In this blog I have commemorated my friend Reva van Haaster, who died in 1997 – I have hardly known a more dedicated, thorough, and unprejudiced researcher than her, and she was also that friend who brought flowers when you had passed a difficult exam… Over the years we pursued a dialogue between our often diverging viewpoints, inspired by true friendship and love for knowledge.

This post is also a greeting to all my philosophical friends, new and old, you know who you are. Let’s enjoy the momentum and make a difference!

The photo shows me, 1981, a fan of negative dialectics and critical theory – still pursuing philosophy after my friend had left the studies.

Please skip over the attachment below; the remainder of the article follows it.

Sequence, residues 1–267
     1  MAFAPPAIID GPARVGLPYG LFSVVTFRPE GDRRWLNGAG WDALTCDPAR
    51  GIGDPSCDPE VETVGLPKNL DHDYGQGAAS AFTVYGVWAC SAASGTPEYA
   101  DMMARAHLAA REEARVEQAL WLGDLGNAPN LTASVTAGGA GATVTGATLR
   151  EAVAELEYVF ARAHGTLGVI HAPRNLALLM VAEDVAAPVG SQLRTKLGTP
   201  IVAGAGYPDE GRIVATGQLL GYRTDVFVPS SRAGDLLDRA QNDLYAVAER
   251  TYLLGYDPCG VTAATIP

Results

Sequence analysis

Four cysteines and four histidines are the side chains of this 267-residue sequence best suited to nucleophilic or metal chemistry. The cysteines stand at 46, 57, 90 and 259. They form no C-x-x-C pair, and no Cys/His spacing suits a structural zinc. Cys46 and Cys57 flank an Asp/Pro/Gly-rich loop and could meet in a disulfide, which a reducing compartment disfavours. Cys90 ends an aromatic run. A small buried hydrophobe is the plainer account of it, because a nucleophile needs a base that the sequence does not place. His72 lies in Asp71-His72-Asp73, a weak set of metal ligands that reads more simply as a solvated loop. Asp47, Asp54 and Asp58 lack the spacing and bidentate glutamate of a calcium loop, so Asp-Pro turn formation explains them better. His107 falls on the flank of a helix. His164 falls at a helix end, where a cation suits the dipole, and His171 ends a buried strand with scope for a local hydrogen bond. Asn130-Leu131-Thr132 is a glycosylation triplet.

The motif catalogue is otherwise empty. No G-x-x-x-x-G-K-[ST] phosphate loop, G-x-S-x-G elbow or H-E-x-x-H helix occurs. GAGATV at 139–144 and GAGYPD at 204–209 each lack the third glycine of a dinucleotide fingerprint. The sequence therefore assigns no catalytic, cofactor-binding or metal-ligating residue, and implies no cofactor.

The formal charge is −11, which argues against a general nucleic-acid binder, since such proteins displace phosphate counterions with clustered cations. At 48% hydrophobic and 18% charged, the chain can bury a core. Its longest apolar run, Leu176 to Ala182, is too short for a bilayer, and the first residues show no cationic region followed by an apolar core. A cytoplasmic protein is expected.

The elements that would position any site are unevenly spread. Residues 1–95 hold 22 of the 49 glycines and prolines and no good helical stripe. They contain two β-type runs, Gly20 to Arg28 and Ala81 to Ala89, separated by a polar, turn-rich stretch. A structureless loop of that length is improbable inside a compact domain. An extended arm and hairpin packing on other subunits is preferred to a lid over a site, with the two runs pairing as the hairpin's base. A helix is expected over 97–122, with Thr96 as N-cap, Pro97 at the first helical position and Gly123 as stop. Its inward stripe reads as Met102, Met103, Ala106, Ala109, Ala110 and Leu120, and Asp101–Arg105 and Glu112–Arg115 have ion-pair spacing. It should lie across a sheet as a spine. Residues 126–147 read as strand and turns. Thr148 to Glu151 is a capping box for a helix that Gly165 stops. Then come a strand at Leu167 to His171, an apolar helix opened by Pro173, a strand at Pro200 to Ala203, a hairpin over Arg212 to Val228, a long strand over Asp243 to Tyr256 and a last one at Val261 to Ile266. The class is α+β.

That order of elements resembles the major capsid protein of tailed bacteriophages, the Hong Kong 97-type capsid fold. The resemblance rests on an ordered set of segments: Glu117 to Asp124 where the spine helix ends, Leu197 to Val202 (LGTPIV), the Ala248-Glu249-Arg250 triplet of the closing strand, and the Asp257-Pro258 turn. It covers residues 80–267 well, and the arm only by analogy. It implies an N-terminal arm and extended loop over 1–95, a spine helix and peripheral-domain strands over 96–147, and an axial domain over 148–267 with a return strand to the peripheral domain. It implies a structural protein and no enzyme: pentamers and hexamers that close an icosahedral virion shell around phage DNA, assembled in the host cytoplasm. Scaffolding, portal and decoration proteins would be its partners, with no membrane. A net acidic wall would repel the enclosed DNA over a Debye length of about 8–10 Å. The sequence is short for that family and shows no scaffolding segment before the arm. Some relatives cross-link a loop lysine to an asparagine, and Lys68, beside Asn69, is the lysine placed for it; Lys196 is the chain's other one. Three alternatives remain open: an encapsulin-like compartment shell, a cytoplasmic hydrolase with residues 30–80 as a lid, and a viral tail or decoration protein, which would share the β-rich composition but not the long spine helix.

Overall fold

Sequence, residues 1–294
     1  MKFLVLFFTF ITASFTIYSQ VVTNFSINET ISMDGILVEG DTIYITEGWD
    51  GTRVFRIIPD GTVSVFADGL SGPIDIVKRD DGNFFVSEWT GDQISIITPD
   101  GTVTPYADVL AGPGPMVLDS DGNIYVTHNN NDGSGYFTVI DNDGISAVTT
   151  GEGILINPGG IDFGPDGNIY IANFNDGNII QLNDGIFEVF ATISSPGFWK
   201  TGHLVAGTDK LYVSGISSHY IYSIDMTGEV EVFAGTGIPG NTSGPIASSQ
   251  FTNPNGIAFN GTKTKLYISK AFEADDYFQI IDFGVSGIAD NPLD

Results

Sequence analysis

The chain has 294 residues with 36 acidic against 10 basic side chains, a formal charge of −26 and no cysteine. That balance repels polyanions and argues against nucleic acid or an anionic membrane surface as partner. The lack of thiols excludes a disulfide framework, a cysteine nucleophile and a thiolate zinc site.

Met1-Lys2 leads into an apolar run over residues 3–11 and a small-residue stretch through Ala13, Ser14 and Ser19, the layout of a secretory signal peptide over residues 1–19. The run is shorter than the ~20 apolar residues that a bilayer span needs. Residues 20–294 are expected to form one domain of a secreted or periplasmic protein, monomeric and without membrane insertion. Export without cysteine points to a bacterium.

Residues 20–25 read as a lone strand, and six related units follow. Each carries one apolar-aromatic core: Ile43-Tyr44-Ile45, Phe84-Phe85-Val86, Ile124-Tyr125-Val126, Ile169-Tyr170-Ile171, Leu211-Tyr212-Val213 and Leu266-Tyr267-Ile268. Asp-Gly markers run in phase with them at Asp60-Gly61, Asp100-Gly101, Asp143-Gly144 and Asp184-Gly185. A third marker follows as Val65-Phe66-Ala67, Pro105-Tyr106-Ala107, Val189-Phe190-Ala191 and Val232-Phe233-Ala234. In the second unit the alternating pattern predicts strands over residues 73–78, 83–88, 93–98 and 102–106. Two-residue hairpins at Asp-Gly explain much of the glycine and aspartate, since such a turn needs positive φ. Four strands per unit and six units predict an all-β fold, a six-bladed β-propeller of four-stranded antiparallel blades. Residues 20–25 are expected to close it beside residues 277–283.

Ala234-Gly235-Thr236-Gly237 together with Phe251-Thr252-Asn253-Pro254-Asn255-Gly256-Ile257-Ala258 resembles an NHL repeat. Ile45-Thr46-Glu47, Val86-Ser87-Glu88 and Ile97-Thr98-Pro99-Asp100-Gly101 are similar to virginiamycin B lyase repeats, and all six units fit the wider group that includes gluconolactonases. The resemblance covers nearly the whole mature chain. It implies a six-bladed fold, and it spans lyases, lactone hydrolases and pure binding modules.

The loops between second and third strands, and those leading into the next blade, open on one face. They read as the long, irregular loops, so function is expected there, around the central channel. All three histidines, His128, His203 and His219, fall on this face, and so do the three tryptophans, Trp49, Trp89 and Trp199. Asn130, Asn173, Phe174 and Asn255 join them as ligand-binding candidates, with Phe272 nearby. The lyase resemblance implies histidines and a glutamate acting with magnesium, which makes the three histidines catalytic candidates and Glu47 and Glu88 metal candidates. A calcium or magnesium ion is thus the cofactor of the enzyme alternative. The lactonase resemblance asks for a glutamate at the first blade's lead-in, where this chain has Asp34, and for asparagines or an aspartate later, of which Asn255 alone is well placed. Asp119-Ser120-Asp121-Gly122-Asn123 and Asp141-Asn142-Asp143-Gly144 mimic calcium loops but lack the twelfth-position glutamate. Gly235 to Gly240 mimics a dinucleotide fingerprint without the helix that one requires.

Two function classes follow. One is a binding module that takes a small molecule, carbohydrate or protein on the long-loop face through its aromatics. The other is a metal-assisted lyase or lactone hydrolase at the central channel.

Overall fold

The research I did for my PhD thesis on Spinoza’s Theological-Political Treatise, in the late eighties and the early nineties, left me with an aversion for the idea of an esoteric philosophy. I had set myself to reading the works that were seen as authoritative studies on the TTP in those days, and among them were those that made a lot of work of discovering the esoteric philosophy that would be hidden in the so called exoteric texts of Spinoza. I could understand that the deep and difficult roads travelled by Spinoza inspired readers to imagine that there would be something even deeper and more mysterious between the lines – hidden kabbalism for instance. The problem was, however, that those same interpretators ignored some very obvious and explicit things Spinoza said about religion. It didn’t make sense, as he had risked a lot to be so open about what was important to him.